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Track to the summit
Snow-coated landscape
The expanses of open snow increased as fields of snow-covered tree tips gradually diminished. We entered a hollow -- almost a shallow little canyon, and it was here that we first started to feel the stirrings of a wintry wind. From here the snowshoe track traversed up more steeply into an area that looked much more hard-surfaced. Both were signs that indicated a need for increased protection from the elements. We stopped here and put on extra layers and face coverings.
courtesy JInnes
Andrew on way to summit
Winding ever upwards
Harder and icier
A soon was we ascended out of the little hollow, we were exposed to a surprisingly strong wind. What had seemed like a balmy, sunny midwinter day now felt a lot colder, and a lot more serious. The hat I had put on threatened to blow away, and the dull ache of cold on my forehead signaled that I had not put on enough protective clothing.
Sculptures of Winter
Hikers on slopes above
Proof of wind
Not feeling like manipulating my gear while exposed to the wind, I decided to hop over the crest of the broad ridge we were on, dropping into the large bowl of soft snow that we had seen from below. As soon as we dropped over the crest, the wind stopped almost completely. In the relative calm, Andy and I put on full outerwear and battened everything down good. For some reason, Jenn did her changing back up in the wind. In any case, we were now ready for the final climb to the top.
courtesy JInnes
courtesy JInnes
Capturing Andy
Bright Sun and Haystack Mountain
Arriving at Marcy's summit
The final couple of hundred feet had a few steep spots that, while technically still snow, were not that far off from being classified as ice. Snowshoes were still sufficient on this very hard snowpack, though, and we did not need to break out the crampons or the ice ax. Just, though. At about twenty-five minutes past noon, we arrived on Marcy's windblown summit.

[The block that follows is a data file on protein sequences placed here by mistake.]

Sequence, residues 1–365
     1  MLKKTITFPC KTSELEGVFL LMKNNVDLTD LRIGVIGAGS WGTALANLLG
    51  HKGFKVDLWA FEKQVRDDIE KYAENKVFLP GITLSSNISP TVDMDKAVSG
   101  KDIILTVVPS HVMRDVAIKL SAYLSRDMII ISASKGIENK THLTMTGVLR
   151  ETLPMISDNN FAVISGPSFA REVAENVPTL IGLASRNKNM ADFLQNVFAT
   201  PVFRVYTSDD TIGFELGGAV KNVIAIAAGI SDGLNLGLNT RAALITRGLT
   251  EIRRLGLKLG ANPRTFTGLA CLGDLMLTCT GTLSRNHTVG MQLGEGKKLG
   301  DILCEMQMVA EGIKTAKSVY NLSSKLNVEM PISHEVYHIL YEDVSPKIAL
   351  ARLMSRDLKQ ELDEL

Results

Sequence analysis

courtesy JInnes
Arriving at summit
The summit plaque
View down to Gray
courtesy JInnes
The view south
Andy and Andrew on summit
MacIntyres from Marcy
We had a beautiful clear 360 degree view of the entire central High Peaks region. It was certainly the best viewing conditions I had ever encountered on a climb of Mt Marcy.

As beautiful as it was on the summit, it was a little chilly. We spent ten minutes or so taking it in, then decided to head back down. We had made such good time (up to this point at least) that it looked like there was a decent shot that at making it back down and back to Ottawa in time for Andy to make a social commitment for later that evening. In order to realize that goal, though, we needed to make as good time back down as we had made coming up.
Mt Marcy Summit shot - Andy
Mt Marcy Summit shot - Jenn
Mt Marcy Summit shot - Andrew
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